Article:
Azure Virtual Network

Azure Virtual Network

Hands-on experience!

Gayatri Barhate's photo
Gayatri Barhate
·Feb 14, 2023·

15 min read

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Table of contents

Azure Virtual Network (VNet) enables many types of Azure resources, such as Azure Virtual Machines (VM), to securely communicate with each other, the internet, and on-premises networks. VNet is similar to a traditional network in that you'd operate in your data center but brings with it additional benefits of Azure's infrastructure such as scale, availability, and isolation.

Key scenarios that you can accomplish with a virtual network include - communication of Azure resources with the internet, communication between Azure resources (we will be focusing more on this scenario), communication with on-premises resources, filtering network traffic, routing network traffic, and integration with Azure services.

Now without any further a do let's do some hands-on.

Hands-on1: Create a VNet

Sign into your Azure portal and search for Virtual Network and click on create. Select your subscription, and create a new resource group for this hands-on. To understand what a subscription and resource group in Azure is, visit this Get started with Microsoft Azure article. Name the VNet and select the region where you want your VNet to be deployed.

The next tab is about IP address space which will be allocated to the virtual network. By default it suggests an IP address space, you can continue with that or use another address space based on your requirements. We will go with the default one. Now the IP address space is in CIDR notation (classless inter-domain routing).

A little background about CIDR: If you know of Classful addressing in computer networks, we have classes like class A, class B, C, D and E. Each class has a predefined address space. I would like to provide this Networking in the Real world to clear things up.

But there is a problem with Classful Addressing which is that in today's world, we have zillions of devices and more coming eventually someday all the addresses will be consumed and there will be no left for further use, which is why CIDR was introduced. Also in Classful Addressing even if you want to buy a network for let's say 100 computers you have to buy class C IP address space (again you need to understand classful addressing if you want to understand this thoroughly) which provides 256 addresses so basically 156 goes waste in some cases. But of course, you can do variable subnetting and provide the remaining addresses to someone in need as a solution. The initial goal of CIDR was to decrease the rapid exhaustion of IPv4 addresses.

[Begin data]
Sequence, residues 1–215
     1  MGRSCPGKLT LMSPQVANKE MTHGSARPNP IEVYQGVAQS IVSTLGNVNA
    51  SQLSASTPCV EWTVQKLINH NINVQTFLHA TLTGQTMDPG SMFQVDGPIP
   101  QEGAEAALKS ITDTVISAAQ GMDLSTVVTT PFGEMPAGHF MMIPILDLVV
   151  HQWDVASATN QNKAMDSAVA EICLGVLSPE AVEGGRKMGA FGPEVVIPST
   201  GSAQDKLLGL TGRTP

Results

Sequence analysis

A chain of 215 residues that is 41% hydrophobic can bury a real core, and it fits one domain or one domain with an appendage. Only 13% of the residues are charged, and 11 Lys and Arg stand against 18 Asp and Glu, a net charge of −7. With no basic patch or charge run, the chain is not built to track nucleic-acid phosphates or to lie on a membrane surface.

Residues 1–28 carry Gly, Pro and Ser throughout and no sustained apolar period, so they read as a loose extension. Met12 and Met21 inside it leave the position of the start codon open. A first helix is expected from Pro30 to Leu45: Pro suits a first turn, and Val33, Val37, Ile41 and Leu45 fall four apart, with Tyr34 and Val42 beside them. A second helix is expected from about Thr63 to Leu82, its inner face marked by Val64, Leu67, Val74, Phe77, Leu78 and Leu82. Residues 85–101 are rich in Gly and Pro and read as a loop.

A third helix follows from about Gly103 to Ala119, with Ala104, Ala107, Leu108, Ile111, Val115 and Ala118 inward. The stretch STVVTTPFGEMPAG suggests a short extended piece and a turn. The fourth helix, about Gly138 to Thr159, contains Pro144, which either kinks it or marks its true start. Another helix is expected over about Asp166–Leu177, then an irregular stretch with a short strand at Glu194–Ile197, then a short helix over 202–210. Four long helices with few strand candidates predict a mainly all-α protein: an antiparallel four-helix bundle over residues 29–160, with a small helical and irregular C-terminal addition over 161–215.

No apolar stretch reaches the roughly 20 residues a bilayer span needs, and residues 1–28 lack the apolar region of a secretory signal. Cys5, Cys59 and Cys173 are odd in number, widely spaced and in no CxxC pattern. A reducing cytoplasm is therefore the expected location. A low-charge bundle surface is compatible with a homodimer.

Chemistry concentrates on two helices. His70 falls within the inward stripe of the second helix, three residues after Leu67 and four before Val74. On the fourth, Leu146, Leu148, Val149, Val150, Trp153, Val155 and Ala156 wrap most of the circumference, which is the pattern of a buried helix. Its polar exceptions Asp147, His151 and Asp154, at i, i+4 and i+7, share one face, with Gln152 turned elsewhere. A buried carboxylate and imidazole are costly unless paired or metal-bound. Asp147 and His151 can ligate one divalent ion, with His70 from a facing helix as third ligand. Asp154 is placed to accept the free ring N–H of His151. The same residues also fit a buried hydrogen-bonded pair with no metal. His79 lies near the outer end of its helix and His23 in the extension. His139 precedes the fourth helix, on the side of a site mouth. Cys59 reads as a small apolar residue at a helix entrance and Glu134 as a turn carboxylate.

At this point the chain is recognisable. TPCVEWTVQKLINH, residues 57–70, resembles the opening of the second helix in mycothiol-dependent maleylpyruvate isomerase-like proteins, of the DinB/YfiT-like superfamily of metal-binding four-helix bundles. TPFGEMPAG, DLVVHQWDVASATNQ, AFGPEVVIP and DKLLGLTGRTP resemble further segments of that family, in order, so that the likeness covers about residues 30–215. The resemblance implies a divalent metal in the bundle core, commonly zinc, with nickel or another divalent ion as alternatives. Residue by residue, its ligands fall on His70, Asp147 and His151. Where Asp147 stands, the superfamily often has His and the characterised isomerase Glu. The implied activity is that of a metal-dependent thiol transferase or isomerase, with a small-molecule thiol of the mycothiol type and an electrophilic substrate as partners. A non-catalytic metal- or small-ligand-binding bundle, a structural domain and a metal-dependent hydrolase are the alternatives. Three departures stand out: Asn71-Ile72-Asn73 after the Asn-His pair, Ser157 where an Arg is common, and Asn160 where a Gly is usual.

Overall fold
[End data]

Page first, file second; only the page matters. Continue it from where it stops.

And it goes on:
Now coming back here! The prefix 16 here means that the first 16 bits will represent the network id and the remaining 26 bits will represent the host id. There is a total of 32 bits as it is an IPv4 address space. Meaning the first two octets (10.8.) will remain as it is because it is network id and the last two octets (0.0) will have all the binary combinations and will become (255.255). That's how there will be 65536 addresses. Simply put if we have 16 bits to generate host ids so basically, 2^16 will be 65536. So you are creating a virtual network with 65536 addresses to allocate.

But what if I don't need this many addresses? I just need 256 addresses because of small business or it may be a startup. In that case, change the prefix as shown. Here the first three octets will represent the network id and the remaining 8 bits(last octet) will represent hosts. So 2^8 = 256 addresses.

The Next tab is Security.

BastionHost: If a guest user (who can be an employee of some other organization) wants to access a private VM then he can communicate with that VM using bastion host so that the private IP address could not be known. Now read this. The bastion hosts provide secure access to Linux instances located in the private and public subnets of your virtual private cloud (VPC). If you enable bastion host then any hosts/resources in your network will be accessed through it.

DDoS (Distributed Denial of Service): If you want to prevent such an attack enable otherwise don't.

Firewall: It will filter all the incoming and outgoing traffic from and to your Vnet.

The Next tab is Tags. Think of it as key-value pair to label or to keep track of azure services you create in large projects. You can apply the same tag to multiple resources under one resource group. Suppose I create 15 VMs for the Marketing department then I will tag them as Marketing: VMs, to understand their purpose.